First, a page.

Fragmentation can also cause errors. If the fragmentation process takes too long, the device can throw an ICMP time exceeded error.

Congestion control

Another responsibility of the network layer is congestion control. As I am sure you know, any given network device has an upper limit as to the amount of throughput the device can handle. This upper limit is always creeping upward but there are still times when there is just too much data for the device to handle. This is the motivation for congestion control.

There are many theories for how to best accomplish this, most of which are quite complicated and beyond the scope of this article. The basic idea of all of these methods is that you want to make the data senders compete for their messages to be the ones to get accepted into the throughput. The congested device wants to do this in a way that lowers the overall amount of data it is receiving. This can be accomplished by 'punishing' the senders which are sending the most data which causes the senders to 'slow' their sending activity to avoid the punishment and thereby reducing the amount of data seen by the congested device (which at this point is no longer congested).

Author's rant: The congestion control algorithms are quite complex for various reasons. Firstly, the mathematics involved is intense. So, for all of you who have ever wondered why people study mathematics in university and what job they could possibly get with that education.... this is an important one, and one that pays well with networking companies such as CISCO and Nortel. Secondly, after you have determined the proper mathematics to accomplish this task, how can it be implemented in a efficient and fast manner? This is the domain of engineers, who need to understand the mathematics, possible software implementation strategies, possible hardware implementation strategies, and design methodologies. Many people, including those who work in the tech industry, do not really understand what these, and other, professions bring to the table: they should. It is important.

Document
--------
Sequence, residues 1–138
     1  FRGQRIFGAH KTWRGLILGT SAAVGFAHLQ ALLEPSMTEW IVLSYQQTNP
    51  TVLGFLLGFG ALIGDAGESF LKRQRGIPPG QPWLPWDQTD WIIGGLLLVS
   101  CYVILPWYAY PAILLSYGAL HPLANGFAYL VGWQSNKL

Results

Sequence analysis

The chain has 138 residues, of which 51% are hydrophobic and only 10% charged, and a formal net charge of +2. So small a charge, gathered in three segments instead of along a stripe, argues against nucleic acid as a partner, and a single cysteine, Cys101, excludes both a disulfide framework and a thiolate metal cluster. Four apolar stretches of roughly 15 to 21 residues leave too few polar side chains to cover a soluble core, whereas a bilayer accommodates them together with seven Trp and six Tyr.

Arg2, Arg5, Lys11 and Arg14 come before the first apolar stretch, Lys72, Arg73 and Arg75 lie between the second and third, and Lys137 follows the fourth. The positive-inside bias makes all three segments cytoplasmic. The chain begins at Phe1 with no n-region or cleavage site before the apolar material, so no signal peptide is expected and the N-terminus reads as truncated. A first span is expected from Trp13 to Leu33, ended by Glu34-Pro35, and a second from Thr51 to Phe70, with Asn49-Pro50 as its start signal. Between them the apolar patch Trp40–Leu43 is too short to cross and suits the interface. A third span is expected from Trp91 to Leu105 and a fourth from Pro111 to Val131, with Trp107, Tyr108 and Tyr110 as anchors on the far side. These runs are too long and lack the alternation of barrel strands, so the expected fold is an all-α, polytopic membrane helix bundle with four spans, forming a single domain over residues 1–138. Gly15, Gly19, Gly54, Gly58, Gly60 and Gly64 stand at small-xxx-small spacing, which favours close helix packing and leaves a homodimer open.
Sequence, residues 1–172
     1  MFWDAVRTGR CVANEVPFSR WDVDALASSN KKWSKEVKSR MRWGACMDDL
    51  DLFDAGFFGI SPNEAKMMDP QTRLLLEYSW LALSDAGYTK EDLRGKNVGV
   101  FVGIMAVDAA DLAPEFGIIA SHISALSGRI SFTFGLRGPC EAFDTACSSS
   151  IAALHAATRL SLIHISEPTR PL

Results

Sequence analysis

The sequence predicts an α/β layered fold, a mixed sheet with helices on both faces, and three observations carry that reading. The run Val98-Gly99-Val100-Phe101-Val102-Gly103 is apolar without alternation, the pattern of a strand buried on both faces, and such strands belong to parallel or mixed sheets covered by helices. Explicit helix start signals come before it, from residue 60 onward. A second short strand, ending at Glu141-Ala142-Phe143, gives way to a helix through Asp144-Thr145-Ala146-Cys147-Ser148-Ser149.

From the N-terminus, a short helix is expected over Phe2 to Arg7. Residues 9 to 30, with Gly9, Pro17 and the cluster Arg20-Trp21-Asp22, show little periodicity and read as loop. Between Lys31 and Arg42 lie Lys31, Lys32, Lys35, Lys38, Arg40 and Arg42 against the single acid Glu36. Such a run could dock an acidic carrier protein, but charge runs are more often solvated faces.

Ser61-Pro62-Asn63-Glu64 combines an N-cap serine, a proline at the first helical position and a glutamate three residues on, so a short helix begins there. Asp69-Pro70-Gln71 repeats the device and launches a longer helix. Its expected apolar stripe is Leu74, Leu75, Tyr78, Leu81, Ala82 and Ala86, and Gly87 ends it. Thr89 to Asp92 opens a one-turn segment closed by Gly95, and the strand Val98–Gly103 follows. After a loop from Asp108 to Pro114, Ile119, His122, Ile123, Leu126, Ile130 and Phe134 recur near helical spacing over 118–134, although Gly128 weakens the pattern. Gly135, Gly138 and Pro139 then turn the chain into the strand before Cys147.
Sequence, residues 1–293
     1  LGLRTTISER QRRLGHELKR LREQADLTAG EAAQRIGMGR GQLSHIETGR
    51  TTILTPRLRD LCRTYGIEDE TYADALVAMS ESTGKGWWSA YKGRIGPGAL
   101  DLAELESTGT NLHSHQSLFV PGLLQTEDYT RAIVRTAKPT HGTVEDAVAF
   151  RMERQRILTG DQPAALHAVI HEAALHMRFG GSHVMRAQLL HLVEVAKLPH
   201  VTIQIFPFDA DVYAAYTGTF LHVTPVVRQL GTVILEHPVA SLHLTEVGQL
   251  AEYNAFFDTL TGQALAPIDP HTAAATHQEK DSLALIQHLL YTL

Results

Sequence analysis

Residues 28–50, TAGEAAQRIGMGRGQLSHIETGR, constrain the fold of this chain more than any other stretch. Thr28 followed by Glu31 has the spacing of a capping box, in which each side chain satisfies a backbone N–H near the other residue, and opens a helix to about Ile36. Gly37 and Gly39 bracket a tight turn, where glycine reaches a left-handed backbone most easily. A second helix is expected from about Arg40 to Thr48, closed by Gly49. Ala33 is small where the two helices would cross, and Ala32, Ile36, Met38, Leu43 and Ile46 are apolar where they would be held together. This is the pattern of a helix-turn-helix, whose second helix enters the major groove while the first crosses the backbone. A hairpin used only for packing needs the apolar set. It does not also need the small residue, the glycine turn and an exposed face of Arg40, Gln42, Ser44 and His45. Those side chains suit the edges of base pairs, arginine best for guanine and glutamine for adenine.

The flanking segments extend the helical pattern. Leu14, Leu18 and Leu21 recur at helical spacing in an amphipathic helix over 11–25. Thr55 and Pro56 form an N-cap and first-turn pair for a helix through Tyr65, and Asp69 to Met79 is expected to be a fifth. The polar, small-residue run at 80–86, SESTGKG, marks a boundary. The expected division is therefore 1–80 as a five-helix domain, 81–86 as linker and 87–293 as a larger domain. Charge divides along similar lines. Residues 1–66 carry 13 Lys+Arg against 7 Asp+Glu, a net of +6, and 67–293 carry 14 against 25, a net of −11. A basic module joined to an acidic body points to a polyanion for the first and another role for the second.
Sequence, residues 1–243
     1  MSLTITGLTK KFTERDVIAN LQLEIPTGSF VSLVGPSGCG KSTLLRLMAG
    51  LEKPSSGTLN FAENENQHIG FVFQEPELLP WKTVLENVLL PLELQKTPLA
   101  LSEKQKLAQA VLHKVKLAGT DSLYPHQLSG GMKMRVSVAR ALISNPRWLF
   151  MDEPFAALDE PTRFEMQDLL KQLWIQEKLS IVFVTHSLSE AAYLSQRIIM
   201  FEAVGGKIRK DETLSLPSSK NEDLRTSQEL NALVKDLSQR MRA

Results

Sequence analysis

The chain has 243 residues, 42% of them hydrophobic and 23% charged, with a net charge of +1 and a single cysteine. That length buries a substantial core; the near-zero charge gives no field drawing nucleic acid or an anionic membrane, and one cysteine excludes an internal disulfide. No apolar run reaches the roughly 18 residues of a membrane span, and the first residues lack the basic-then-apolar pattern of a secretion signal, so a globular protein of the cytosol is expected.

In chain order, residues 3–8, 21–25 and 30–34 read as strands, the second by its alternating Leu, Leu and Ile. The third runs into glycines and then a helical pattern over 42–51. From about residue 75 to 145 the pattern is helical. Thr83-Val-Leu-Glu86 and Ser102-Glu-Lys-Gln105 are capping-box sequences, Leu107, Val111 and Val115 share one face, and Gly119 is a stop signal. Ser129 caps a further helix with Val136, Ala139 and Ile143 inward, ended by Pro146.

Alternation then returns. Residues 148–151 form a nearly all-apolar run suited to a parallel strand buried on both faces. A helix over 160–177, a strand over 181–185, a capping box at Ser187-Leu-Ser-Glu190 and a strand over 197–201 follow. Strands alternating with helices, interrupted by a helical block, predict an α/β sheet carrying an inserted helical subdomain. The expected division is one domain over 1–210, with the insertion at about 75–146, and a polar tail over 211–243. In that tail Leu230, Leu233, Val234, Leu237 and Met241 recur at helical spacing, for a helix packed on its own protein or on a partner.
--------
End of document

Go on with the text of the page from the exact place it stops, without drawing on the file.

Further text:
In my next article I will discuss the fourth layer of the OSI reference model; the transport layer. Until then, as always, if you have any questions about this or any previous article please feel free to send me an email; I will do my best to answer any and all questions.

If you would like to read the other parts in this article series please go to:

If you would like to be notified when Russell Hitchcock releases the next part of this article series please sign up to the WindowsNetworking.com Real time article update newsletter.